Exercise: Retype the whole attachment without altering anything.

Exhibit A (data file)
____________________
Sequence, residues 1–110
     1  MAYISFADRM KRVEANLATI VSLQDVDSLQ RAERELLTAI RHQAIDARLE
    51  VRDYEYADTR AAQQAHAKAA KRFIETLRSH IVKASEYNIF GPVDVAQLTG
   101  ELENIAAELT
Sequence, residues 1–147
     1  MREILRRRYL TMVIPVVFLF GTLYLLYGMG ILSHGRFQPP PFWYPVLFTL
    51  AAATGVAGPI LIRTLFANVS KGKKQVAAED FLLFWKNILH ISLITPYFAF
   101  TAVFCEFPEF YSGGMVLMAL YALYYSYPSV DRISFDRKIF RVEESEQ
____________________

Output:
Sequence, residues 1–110
     1  MAYISFADRM KRVEANLATI VSLQDVDSLQ RAERELLTAI RHQAIDARLE
    51  VRDYEYADTR AAQQAHAKAA KRFIETLRSH IVKASEYNIF GPVDVAQLTG
   101  ELENIAAELT
Sequence, residues 1–147
     1  MREILRRRYL TMVIPVVFLF GTLYLLYGMG ILSHGRFQPP PFWYPVLFTL
    51  AAATGVAGPI LIRTLFANVS KGKKQVAAED FLLFWKNILH ISLITPYFAF
   101  TAVFCEFPEF YSGGMVLMAL YALYYSYPSV DRISFDRKIF RVEESEQ